Mabus argues that the military “can use a domestic, renewable feedstock that’s stable, has price stability” in the longer term. He lists three requirements for such sort of fuel: It has to be drop-in; it’s got to be made in America; it should not take food out of production. All sound reasonable. The problem is how to give a push to industry to produce such fuel at competitive prices. For this, Mabus hides behind the Defense Production Act, which says if there is an industry that is vital to national defense that does not exist today in this country, then the DOD can help start that industry, working with the private sector, private finance, private industry on at least a 1-to-1 financial basis, to start up that industry. And “that’s what we’re doing with biofuels.”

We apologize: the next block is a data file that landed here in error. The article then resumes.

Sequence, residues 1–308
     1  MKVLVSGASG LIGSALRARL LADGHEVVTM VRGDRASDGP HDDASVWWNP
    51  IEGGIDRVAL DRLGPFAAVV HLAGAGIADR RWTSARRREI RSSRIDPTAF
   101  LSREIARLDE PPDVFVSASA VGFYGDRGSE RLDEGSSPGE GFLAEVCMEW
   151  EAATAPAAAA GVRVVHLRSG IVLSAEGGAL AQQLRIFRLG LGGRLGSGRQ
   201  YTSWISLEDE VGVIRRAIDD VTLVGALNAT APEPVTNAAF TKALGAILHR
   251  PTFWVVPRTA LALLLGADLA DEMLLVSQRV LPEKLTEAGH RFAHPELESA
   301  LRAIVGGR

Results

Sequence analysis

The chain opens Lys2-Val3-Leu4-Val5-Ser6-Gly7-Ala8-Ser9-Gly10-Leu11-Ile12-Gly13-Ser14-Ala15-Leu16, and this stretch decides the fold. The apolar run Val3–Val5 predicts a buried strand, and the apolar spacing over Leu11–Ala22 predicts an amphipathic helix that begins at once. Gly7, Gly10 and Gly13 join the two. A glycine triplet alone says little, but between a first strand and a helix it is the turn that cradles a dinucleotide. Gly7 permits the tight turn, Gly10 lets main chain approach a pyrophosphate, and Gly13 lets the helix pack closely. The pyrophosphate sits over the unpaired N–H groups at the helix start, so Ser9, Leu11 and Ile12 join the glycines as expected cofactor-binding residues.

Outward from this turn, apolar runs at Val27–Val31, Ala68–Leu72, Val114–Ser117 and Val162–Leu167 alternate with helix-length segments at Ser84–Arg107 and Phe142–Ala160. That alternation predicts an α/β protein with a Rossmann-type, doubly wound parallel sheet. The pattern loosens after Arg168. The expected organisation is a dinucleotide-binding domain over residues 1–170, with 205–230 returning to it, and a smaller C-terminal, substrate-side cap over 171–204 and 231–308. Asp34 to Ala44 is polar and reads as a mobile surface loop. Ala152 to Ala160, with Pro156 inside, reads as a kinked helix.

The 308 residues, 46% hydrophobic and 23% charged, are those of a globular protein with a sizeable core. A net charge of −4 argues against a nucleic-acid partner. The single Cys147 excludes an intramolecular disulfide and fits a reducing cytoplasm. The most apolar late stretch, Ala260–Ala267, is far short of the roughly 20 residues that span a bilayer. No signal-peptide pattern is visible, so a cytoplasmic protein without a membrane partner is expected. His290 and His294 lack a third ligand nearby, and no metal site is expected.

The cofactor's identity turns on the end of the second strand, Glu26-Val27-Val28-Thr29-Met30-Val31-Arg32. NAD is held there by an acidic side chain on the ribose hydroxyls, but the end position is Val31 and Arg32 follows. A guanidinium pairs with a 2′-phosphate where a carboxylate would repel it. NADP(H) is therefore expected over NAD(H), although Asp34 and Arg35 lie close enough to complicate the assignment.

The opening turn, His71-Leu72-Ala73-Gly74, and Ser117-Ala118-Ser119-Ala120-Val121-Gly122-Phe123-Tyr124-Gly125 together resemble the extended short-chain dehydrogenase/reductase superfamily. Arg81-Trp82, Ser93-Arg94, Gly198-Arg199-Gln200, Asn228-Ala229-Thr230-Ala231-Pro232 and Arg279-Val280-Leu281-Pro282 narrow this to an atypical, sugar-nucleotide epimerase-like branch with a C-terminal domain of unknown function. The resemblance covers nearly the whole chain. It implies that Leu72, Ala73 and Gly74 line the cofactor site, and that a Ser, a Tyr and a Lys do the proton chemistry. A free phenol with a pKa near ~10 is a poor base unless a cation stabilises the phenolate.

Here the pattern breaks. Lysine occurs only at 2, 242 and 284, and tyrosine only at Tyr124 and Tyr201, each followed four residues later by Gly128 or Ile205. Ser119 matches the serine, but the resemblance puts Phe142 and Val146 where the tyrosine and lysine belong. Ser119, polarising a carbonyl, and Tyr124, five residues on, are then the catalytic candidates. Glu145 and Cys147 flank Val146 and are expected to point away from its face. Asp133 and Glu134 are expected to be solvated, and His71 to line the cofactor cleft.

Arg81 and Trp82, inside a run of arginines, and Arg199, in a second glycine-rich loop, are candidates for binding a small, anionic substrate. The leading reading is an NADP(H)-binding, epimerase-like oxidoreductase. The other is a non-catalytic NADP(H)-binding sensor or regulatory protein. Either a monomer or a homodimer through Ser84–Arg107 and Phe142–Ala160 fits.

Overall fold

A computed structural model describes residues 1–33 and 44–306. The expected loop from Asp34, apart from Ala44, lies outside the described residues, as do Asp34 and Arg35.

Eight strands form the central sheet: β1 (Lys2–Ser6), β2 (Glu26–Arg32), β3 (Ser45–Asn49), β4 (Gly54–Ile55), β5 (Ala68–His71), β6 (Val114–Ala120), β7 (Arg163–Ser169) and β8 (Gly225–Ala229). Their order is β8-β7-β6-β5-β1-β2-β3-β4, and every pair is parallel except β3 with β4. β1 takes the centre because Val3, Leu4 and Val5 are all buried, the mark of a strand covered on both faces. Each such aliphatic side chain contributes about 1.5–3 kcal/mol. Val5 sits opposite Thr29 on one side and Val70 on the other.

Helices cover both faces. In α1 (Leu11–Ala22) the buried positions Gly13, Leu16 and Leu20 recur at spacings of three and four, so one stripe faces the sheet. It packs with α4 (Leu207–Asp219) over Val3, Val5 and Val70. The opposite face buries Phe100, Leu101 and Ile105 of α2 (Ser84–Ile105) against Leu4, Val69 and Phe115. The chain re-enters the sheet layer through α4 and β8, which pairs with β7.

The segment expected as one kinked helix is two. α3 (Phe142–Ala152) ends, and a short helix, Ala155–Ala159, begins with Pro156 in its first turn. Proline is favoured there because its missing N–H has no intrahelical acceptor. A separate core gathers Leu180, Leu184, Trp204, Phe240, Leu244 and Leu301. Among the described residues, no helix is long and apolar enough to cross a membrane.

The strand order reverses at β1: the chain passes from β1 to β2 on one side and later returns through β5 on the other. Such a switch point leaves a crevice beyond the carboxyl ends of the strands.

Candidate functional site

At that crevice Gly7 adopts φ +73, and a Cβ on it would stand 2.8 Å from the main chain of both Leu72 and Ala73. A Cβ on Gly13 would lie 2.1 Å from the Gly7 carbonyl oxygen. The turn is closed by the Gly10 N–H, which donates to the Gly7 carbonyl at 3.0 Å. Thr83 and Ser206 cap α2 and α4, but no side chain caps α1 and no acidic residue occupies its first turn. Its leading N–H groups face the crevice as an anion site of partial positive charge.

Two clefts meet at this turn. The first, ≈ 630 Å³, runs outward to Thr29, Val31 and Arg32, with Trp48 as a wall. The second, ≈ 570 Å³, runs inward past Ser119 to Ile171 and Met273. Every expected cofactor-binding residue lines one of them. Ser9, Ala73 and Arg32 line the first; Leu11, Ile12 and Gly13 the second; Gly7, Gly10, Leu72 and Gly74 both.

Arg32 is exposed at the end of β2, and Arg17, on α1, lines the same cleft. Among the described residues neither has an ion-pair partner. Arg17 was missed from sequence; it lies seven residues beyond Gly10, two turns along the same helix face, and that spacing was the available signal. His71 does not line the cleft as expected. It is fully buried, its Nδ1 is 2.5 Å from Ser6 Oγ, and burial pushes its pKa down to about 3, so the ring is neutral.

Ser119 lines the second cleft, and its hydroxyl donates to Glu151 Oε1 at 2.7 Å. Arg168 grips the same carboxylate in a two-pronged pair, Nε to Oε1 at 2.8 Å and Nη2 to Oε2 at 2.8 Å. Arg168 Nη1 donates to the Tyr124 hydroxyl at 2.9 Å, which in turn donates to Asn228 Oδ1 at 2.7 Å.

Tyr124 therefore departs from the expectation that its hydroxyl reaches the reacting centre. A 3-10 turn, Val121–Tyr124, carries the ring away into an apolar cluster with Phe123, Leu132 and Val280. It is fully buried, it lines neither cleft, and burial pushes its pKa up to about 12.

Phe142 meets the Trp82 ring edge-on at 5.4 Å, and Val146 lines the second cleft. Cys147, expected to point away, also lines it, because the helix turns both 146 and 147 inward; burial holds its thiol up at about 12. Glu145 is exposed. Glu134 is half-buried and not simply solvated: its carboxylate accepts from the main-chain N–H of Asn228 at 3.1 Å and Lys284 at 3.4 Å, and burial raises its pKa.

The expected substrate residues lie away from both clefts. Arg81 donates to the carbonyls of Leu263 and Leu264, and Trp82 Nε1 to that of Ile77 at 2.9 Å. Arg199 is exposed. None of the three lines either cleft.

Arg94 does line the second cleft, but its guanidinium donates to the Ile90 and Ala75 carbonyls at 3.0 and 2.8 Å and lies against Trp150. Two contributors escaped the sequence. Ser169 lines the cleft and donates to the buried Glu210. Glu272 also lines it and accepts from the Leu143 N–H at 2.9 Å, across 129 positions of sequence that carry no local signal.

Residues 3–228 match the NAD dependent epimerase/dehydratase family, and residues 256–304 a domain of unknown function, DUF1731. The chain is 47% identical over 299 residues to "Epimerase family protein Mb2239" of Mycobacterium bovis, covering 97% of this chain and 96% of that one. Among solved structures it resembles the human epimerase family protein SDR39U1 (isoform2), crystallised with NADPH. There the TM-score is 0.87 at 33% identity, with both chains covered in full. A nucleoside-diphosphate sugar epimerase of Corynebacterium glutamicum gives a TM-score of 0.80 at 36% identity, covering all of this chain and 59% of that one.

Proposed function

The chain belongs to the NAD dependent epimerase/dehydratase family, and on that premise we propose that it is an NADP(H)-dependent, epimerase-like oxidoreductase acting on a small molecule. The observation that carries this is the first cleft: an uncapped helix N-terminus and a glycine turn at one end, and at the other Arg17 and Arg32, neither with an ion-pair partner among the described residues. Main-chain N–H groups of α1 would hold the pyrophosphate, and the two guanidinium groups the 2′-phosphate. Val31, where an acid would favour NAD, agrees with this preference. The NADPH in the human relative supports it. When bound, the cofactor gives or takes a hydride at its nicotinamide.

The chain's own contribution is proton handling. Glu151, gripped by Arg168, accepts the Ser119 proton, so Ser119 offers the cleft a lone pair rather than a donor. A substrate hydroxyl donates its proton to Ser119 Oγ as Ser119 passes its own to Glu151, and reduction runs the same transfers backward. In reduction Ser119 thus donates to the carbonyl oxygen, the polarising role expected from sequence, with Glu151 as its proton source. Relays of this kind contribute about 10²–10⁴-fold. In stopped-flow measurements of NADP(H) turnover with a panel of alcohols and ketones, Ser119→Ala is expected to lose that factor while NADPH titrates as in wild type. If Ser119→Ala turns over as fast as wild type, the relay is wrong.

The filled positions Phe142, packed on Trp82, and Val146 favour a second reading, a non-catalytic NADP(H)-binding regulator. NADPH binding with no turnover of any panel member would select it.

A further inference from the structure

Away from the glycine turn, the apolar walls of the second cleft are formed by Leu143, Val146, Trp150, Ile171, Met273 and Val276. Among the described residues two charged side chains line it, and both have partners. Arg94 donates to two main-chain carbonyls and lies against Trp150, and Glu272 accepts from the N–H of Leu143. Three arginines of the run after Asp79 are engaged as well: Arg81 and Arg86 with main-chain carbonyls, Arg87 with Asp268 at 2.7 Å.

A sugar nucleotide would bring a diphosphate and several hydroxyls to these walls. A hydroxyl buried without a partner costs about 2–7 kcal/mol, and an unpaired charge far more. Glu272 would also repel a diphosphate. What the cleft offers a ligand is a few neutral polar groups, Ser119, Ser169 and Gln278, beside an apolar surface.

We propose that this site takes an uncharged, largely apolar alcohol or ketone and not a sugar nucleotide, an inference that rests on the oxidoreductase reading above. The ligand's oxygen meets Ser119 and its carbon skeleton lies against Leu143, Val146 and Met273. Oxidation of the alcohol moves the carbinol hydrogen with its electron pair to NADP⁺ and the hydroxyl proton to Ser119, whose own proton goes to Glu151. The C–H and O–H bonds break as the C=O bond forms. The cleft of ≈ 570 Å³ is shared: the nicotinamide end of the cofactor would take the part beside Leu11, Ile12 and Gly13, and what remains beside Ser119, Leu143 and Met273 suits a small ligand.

Here one again needs to ask the following: How long should the tax payers subsidize the biofuel industry to finally get a competitively prices biofuel?
Mabus says that “In fact over the next five years everything we're doing in energy is going to pay for itself. So that payback is very quick. On the bio-fuels, they are more expensive right now but the more we buy the more that cost comes down. And, for example, last year because just on test amounts that we were buying the price was cut in half, we expect the price to be cut in half again this year on bio-fuels. (….) if we establish the market, the price is going to begin to come down.” He claims that "The Navy can be the market.”